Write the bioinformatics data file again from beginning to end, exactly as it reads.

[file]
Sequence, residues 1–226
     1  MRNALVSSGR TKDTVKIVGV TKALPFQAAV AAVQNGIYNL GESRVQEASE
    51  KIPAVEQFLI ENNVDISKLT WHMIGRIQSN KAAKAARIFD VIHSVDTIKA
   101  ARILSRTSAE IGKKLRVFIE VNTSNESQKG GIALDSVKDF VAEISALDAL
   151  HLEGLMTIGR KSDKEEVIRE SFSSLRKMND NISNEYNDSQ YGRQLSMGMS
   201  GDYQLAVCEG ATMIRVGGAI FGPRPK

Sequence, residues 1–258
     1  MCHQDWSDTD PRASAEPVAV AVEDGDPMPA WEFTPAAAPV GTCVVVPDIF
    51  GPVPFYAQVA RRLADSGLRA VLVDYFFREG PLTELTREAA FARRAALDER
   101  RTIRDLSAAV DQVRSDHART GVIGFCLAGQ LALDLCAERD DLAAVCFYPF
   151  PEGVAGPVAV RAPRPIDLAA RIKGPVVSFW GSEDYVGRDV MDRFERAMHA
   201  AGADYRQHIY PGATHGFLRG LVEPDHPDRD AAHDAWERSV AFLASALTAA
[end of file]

Sequence, residues 1–226
     1  MRNALVSSGR TKDTVKIVGV TKALPFQAAV AAVQNGIYNL GESRVQEASE
    51  KIPAVEQFLI ENNVDISKLT WHMIGRIQSN KAAKAARIFD VIHSVDTIKA
   101  ARILSRTSAE IGKKLRVFIE VNTSNESQKG GIALDSVKDF VAEISALDAL
   151  HLEGLMTIGR KSDKEEVIRE SFSSLRKMND NISNEYNDSQ YGRQLSMGMS
   201  GDYQLAVCEG ATMIRVGGAI FGPRPK

Sequence, residues 1–258
     1  MCHQDWSDTD PRASAEPVAV AVEDGDPMPA WEFTPAAAPV GTCVVVPDIF
    51  GPVPFYAQVA RRLADSGLRA VLVDYFFREG PLTELTREAA FARRAALDER
   101  RTIRDLSAAV DQVRSDHART GVIGFCLAGQ LALDLCAERD DLAAVCFYPF
   151  PEGVAGPVAV RAPRPIDLAA RIKGPVVSFW GSEDYVGRDV MDRFERAMHA
   201  AGADYRQHIY PGATHGFLRG LVEPDHPDRD AAHDAWERSV AFLASALTAA